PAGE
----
The sudden death of legendary calypsonian and prominent business executive, Sir Don – real name Don Jose Lamont Marshall – has plunged the entertainment community into a state of mourning and shock.
Calypso lovers and artistes were jolted Thursday morning as they awoke to the news that the lyrical icon had died in his sleep overnight.
The veteran performer and impresario is being remembered for a gift of language and dry wit as an extremely talented writer, composer, recording artiste, calypso analyst and Crop Over Stalwart awardee.
He first catapulted into the limelight at the age of 24 in 1963 with his tunes Tax Dodgers and 20th Century Husbands which earned him the Calypso Monarch title in the then Barbados Carnival. He went on to be a four-time calypso king before his last on-stage performance in 1981.
A profound presence in the calypso arena, Sir Don devoted more than 50 years of his life to mentoring and sharing his talent with the likes of Romeo, Dr Anthony Mighty Gabby Carter, Colin Spencer and the reigning Pic-O-De-Crop monarch Anderson Mr Blood Armstrong. He penned calypsos for several veteran and junior calypsonians over the years and acted as a judge of the Pic-O-De-Crop competition and Richard Stoute Teen Talent Contest.
In an interview with Barbados TODAY, Gabby declared Sir Don as “the real calypso king”, “a musical giant” who held the art of kaiso in high esteem. Gabby said that he first met Sir Don in 1965 when he started competing in calypso at the age of 17.
“He was teaching us how to stand up for standards and quality. All back then he was showing you that you have to respect the art form because back then nobody was respecting the art form,” Gabby recalled.
“Don always talked about quality, how to dress well, speak well, look well, have manners, don’t walk about and get drunk. He said ‘They don’t have no choice but to respect you,when you respect yourself’ and that is lesson he gave me – it was a lifelong lesson,” the cultural ambassador added.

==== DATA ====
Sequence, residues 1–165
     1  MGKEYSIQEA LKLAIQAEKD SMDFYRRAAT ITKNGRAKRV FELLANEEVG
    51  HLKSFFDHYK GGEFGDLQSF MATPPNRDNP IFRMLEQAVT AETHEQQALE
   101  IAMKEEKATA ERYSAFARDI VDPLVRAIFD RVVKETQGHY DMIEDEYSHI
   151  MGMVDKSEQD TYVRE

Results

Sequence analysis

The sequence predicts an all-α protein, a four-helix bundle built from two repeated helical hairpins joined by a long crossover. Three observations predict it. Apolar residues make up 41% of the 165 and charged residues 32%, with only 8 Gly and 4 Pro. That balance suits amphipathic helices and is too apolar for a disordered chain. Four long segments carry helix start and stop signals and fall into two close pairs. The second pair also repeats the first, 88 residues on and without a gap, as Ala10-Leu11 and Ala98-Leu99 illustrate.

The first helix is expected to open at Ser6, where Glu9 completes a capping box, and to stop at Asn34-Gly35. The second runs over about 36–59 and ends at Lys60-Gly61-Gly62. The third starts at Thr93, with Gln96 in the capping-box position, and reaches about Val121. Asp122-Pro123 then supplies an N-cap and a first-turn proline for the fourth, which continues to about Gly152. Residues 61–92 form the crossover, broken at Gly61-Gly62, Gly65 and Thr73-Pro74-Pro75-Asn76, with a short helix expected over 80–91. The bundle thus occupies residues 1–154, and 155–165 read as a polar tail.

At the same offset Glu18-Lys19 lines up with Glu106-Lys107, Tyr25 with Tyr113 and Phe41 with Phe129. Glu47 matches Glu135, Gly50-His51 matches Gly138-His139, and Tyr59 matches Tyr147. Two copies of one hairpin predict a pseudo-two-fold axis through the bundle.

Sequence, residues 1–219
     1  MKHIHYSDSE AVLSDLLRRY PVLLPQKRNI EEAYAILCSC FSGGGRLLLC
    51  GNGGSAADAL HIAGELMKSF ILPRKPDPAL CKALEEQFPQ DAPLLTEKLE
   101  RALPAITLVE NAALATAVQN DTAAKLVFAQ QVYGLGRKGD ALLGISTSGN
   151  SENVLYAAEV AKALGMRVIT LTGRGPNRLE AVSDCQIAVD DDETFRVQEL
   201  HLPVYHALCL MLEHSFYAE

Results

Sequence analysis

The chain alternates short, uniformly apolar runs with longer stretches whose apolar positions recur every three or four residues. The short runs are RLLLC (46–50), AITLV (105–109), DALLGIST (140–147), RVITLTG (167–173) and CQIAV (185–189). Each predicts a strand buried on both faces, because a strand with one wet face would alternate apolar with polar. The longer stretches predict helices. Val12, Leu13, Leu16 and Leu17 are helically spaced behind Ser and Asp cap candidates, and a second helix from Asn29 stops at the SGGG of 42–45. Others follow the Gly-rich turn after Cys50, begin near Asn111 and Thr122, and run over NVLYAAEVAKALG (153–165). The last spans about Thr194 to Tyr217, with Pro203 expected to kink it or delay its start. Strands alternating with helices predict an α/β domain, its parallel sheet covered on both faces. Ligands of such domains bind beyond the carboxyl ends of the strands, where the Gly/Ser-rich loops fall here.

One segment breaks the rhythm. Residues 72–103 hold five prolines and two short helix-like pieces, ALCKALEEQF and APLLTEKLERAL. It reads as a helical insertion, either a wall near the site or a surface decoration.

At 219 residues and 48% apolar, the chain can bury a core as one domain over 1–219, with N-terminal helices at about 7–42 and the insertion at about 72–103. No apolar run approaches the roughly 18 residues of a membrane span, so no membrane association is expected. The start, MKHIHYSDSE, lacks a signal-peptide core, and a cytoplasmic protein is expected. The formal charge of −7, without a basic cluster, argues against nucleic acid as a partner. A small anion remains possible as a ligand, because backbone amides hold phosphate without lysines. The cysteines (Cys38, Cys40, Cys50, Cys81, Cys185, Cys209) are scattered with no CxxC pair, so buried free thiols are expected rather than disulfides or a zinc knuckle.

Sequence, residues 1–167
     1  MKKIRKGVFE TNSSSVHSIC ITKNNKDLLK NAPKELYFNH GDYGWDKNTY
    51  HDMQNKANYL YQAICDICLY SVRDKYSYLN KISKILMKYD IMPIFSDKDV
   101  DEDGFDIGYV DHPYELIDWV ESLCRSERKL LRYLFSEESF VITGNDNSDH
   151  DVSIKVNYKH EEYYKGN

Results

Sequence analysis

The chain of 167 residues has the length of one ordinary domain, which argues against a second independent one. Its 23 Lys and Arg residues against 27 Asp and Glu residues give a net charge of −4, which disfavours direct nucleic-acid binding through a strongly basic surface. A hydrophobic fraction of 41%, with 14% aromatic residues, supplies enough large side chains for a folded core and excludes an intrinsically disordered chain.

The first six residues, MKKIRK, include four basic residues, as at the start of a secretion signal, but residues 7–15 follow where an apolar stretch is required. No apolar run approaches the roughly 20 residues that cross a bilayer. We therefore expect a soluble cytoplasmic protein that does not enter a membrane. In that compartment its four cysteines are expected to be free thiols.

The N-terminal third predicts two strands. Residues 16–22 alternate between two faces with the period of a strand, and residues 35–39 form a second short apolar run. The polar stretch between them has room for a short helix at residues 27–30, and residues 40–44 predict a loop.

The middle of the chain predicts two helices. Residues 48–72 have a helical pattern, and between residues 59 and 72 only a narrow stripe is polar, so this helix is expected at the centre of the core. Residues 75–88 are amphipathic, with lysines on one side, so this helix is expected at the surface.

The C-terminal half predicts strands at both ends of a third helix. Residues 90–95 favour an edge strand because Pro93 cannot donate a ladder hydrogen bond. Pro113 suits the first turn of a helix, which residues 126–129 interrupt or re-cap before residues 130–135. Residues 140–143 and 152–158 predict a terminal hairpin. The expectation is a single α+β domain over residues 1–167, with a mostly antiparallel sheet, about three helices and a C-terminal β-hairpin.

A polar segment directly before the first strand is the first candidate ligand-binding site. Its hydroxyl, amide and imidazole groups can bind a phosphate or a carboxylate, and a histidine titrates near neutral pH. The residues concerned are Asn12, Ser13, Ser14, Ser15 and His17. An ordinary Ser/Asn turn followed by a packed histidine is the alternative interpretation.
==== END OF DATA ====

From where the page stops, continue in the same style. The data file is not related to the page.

Sir Don was revered for his entrancing storytelling capabilities, cleverly weaving words into humourous lyrics. Gabby praised his lyrical prowess, describing it as one of a kind.
“His style of writing was always about wit and humour. His way of telling a story was unique, different, it was bright, it was special. It had an indelible mark.
“Nobody can question Don’s ability to write and his ability to understand calypso,” Gabby commented.
Sir Don’s love for calypso was a reflection of his father’s Trinidadian influence. Gabby told Barbados TODAY of Sir Don’s private collection of calypso recordings which was huge and dated back to the 1920’s. He was also a huge fan of Trinidad’s Mighty Spoiler who he imitated during the early years of his career.
“Spoiler was the person he admired most because Spoiler was so clever and so brilliant at writing humorous songs,” Gabby recalled.
Mr Blood was struggling to come to grips with Sir Don’s death when Barbados TODAY contacted him. For nearly a decade, the lyrical mastermind was the pen behind some of Mr Blood’s songs.
“When I first met him I can remember thinking to myself, ‘I have the legend Sir Don in my living room, offering me a song’. We have worked together every year since then. Even when I opted to take songs from someone else he was always there to offer advice. He never gave up on that goal we had of me winning the crown,” Mr Blood revealed.
Mr Blood referred to his mentor as “a happy spirit that you could not help but to love”. He also reminisced about how Sir Don started referring to him as King Blood years before he won the Calypso Monarch. He was speaking their dreams into existence. “My heart is heavy and I try to hold back the tears. . . I will miss him dearly,” Mr Blood continued.
Barbados Ambassador to CARICOM, David Comissiong also praised Sir Don for his contributions to the local calypso scene and the development of island’s young creative talent. Comissiong shared that Sir Don was a familiar face during the Crop Over Festival and the Richard Stoute Teen Talent competition having acted as a judge and a composer.
“Without a doubt, Sir Don lived a life of great integrity, purpose and meaning, and made a deep and lasting contribution to the development of his nation and fellow citizens.
It is now up to us to ensure that we add additional value and meaning to the life of this extraordinary Barbadian by embracing the wonderful artform of Bajan calypso and positively building upon the brilliant creative foundation that Sir Don did so much to construct for this artform that he loved so much,” said Ambassador Comissiong.
The National Cultural Foundation (NCF) issued a statement of condolences to Marshall’s wife and children. The NCF also remembered Sir Don for his sartorial elegance and his boasts about the talents of his longtime tailor in Bridgetown.
“He put great store on appearance and presentation and was often sought for advice and guidance by the younger members of the entertainment fraternity.
“His charm and wit were legendary and he would deliver the most hilarious of quips with nothing more than a quiet chuckle while the others were bent over with laughter. He was a man of deep and abiding faith who loved life and his country, his family, calypso and the Combermere School in particular,” the NCF statement said.